51:0210(23)AR - - DOD Schools, Kaiserslautern, Germany and Overseas Education Association - - 1995 FLRAdec AR - - v51 p210
[ v51 p210 ]
The decision of the Authority follows:
51 FLRA No. 23
FEDERAL LABOR RELATIONS AUTHORITY
U.S. DEPARTMENT OF DEFENSE
OVERSEAS EDUCATION ASSOCIATION
September 28, 1995
Before the Authority: Phyllis N. Segal, Chair; and Tony Armendariz, Member.
I. Statement of the Case
This matter is before the Authority on exceptions to an award of Arbitrator James C. Oldham filed by the Agency under section 7122(a) of the Federal Service Labor-Management Relations Statute (the Statute) and part 2425 of the Authority's Rules and Regulations. The Union filed an opposition to the Agency's exceptions.
The Arbitrator sustained a grievance contesting the Agency's failure to give the grievant permanent employment status. For the following reasons, we conclude that the exceptions provide no basis for finding the award deficient. Accordingly, we deny the exceptions.
II. Background and Arbitrator's Award
The grievant, an elementary school teacher, worked for several years in the Department of Defense Dependents Schools (DoDDS) System. During that time, she served a trial period and was converted to permanent status. She resigned from her position for the 1990-91 school year, and was rehired by the Agency in the fall of 1991. After being rehired, the grievant was informed that the Agency had placed her in a temporary position. The Union then filed a grievance claiming that, under a Department of Defense (DoD) regulation, the grievant was entitled to a permanent position because of her previous permanent status.(1)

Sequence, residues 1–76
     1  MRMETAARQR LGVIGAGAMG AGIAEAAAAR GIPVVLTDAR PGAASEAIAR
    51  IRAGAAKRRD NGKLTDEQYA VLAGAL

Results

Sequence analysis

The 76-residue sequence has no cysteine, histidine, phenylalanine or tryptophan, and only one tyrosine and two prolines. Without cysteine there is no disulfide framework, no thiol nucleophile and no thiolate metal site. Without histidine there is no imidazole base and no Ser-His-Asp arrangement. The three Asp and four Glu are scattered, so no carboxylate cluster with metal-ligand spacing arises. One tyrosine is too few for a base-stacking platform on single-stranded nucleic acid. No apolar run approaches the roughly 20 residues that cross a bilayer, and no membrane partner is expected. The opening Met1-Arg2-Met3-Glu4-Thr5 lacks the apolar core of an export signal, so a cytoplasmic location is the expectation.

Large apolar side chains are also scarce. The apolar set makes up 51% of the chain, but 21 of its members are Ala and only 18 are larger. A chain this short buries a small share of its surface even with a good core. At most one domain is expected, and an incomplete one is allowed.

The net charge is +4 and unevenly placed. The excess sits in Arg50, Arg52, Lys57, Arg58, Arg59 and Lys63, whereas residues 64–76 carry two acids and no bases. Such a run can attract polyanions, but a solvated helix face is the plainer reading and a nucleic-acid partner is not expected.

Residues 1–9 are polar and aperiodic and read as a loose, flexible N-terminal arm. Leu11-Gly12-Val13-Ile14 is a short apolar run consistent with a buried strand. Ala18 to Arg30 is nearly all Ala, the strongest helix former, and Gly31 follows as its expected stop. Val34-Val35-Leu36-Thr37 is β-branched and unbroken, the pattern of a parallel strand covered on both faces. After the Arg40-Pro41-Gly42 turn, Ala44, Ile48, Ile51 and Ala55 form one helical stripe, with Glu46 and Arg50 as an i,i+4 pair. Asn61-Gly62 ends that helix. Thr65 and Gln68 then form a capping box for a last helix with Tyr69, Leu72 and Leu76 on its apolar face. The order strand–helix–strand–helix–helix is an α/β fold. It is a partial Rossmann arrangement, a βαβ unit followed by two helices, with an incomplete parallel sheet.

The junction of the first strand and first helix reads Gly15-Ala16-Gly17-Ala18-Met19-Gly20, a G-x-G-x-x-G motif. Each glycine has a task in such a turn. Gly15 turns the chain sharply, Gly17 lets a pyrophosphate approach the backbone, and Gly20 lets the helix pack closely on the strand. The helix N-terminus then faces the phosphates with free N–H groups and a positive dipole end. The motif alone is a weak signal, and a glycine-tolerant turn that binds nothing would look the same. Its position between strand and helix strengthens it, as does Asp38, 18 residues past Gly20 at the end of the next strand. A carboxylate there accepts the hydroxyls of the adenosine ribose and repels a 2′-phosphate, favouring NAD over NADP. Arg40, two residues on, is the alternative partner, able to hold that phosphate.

Before the Arbitrator, the Agency argued, as relevant here, that the grievance was not arbitrable because it concerned the grievant's "appointment," within the meaning of section 7121(c)(4) of the Statute. The Agency claimed that because the grievant was returning after her absence during the 1990-91 school year, her rehiring constituted an "appointment." The Agency argued that the definition of "conversion" set forth in the Federal Personnel Manual (FPM) supported its claim that the grievance did not concern a conversion, but rather an appointment.(2)
Rejecting this argument, and citing U.S. Department of Defense, Office of Dependents Schools and Overseas Education Association, 45 FLRA 1411 (1992) (OEA), the Arbitrator determined that the grievance over management's failure to give the grievant permanent status and place her into a permanent position was not precluded either by section 7121(c)(4) of the Statute or by the FPM. On the merits, the Arbitrator sustained the grievance and ordered that the grievant be made whole and "converted retroactively to permanent status effective the day of her rehire[,]" with backpay, benefits, and interest. Award at 25.
III. Positions of the Parties
The Agency maintains that the award is deficient because it is contrary to section 7121(c)(4) of the Statute. The Agency contends that the grievance does not concern the grievant's rights to conversion to permanent status, as the Arbitrator found, but rather, the grievant's "appointment," and that OEA is distinguishable because, unlike the employees in OEA, the grievant was returning after a clear break in service. The Agency also claims that the Arbitrator's award interferes with management's right, under section 7106(a)(2)(C) of the Statute, to make selections for appointments. Finally, citing several Comptroller General decisions, the Agency argues that the grievant did not have a right to a permanent appointment by statute or regulation.